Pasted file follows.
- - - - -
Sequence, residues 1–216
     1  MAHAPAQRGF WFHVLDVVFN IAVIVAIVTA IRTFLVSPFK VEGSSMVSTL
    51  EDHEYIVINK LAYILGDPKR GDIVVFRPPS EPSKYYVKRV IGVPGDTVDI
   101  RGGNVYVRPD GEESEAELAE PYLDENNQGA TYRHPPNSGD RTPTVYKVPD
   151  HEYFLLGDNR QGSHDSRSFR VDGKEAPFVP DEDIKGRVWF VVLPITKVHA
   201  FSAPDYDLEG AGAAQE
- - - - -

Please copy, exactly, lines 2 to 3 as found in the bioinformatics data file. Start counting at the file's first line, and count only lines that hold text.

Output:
     1  MAHAPAQRGF WFHVLDVVFN IAVIVAIVTA IRTFLVSPFK VEGSSMVSTL
    51  EDHEYIVINK LAYILGDPKR GDIVVFRPPS EPSKYYVKRV IGVPGDTVDI